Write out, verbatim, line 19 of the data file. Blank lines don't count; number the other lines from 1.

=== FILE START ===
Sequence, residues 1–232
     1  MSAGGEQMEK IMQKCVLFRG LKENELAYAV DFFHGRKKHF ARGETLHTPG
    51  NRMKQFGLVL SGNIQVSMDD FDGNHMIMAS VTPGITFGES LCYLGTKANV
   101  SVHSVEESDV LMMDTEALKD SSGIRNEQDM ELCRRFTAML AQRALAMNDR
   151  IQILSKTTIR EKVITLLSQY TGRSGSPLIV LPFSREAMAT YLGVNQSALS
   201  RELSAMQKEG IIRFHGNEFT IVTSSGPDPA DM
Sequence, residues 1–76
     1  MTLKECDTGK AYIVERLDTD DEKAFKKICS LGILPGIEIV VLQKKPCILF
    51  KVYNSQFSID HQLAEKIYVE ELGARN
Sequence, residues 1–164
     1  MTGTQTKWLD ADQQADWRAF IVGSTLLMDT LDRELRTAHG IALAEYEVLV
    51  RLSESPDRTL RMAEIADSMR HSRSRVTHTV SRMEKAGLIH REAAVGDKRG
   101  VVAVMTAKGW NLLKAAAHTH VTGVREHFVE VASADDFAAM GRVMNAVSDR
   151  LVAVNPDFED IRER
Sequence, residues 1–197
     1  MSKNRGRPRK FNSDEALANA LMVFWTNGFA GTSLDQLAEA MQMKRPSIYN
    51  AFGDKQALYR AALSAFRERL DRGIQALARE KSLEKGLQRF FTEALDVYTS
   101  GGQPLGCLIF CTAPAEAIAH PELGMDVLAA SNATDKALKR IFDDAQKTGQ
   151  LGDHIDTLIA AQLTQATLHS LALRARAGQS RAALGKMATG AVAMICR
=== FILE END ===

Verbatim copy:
   151  LGDHIDTLIA AQLTQATLHS LALRARAGQS RAALGKMATG AVAMICR